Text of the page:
Accuracy • Independence • Integrity

October 21, 2016   |   Ithaca, NY


Freshman takes uncommon path to becoming a college gymnast

Athletes take a variety of different paths to becoming a collegiate athletes. For freshman gymnast Nina Bustamante-Nadeau, her path included stints with the Greek national team and M & M Gymnastics & Dance in Wisconsin, a team that has produced Olympians. These experiences have helped her become one of the Bombers’ strongest gymnasts so far this season.

Bustamante-Nadeau, a clinical health studies major, has lived in three very different places: Chicago, Wisconsin and Greece. However, even with moving around often as a child, gymnastics was one thing that remained stable. She said she began when she was young and never stopped.

“I’m not completely sure why I started, but I have been doing gymnastics for my whole life,” Bustamante-Nadeau said.

When she was 7 years old, her  father landed a job opportunity in Greece, so her family decided to seize the moment and move there.

In Greece, she attended an American international school, where she was a part of the club gymnastics team for all seven years of her stay.

“I [met] a lot of kids from all over the world, and that was a really cool experience,” Bustamante-Nadeau said.

Considering the difference in setting of the U.S. and Greece, there were also situations she had to adapt to in the sport she once knew very well. In her opinion, the biggest difference was how they split gymnasts up and determined what level or group they would be in.

“Here the level is based off difficulty, but in Greece everything was by age,” Bustamante-Nadeau said. “It kind of sucked because at times I would be the only one in my age group.”

Being the only gymnast in her age group was a little lonely and was at times detrimental to her success, she said.

“There was a big economy crisis in Greece when I was 12, and a lot of my teammates quit. So when I was the only one left in my age group, my coaches couldn’t just support me by myself,” Bustamante-Nadeau said.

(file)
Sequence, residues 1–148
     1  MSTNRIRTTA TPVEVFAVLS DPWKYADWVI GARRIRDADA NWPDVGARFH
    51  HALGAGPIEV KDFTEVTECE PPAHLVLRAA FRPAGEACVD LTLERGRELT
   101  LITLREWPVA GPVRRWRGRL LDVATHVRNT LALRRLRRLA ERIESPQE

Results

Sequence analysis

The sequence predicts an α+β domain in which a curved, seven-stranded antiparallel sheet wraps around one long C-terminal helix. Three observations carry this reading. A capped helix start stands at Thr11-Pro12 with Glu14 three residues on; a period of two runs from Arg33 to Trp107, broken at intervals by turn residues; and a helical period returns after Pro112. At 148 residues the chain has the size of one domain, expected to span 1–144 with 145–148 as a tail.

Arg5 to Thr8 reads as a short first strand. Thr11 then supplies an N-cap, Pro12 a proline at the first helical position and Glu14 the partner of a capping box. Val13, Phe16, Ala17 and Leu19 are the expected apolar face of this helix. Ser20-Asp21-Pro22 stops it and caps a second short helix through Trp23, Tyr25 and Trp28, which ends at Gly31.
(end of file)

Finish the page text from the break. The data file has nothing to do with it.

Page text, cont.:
Even in crisis, Bustamante-Nadeau managed to continue to do what she loves. Because she was the only gymnast in her age group, her coaches decided to send her to train with the Greek national team so she could practice with other people.

“The Greek national team was interesting because I was not Greek, so it was not the best situation,” Bustamante-Nadeau said. “Not being Greek affected my training because the coach did not really want to train a gymnast that was not able to compete for him due to the fact that I didn’t have Greek nationality.”

She continued with this team until she moved to Wisconsin to live with her grandmother in order to get better training. Despite the sacrifices that came with being a continent away from her parents, she said the move was worth it because she was able to obtain top-notch training at M & M Gymnastics & Dance.

“I had originally gone to that gym when I was home visiting my grandma for a month that summer,” Bustamante-Nadeau said. “From right there, I knew it was a great gym. I was a part of a very close and supportive team with amazing coaches. When I moved back, there was no question about what gym I was going to.”

Moving to other parts of the country and to new countries all together can be tough, but Bustamante-Nadeau found solace in the fact that gymnastics was something she could take with her everywhere, even to college.

“Gymnastics was always there,” she said.

Bustamante-Nadeau is usually an all-around gymnast, meaning she trains for all four events — vault, bars, balance beam and floor — but she is currently limited to beam due to an ankle injury. At the team’s first meet of the season Jan. 16 against Southern Connecticut State University, Brown University and Springfield College, she placed second on the beam, finishing ahead of Division I and Division II gymnasts.

“She’s been having some trouble with her ankle, and that’s limiting to other events, but she’s still able to excel at balance beam,” head coach Rick Suddaby said.

Freshman all-around gymnast Victoria Gery said Bustamante-Nadeau brings her own unique style to the team.

“She’s a very graceful and beautiful gymnast in her movements,” Gery said. “She’s very determined and hardworking and continues to work until she’s happy with how she performs. She’s doing amazing so far.”

Suddaby said Bustamante-Nadeau is a very goal-oriented gymnast and that he is glad she is on the gymnastics team.

“She’s such a great kid. Very, very talented; very, very committed,” Suddaby said. “She’s a great teammate. Everybody likes her, and she likes everyone.”

The transition from place to place could seem overwhelming, but Bustamante-Nadeau said it has been helpful and given her new perspectives, particularly when it comes to gymnastics.

“Moving has given me the opportunity to adapt to new teams, but at the same time still be a supportive teammate, and that’s an amazing feeling,” Bustamante-Nadeau said.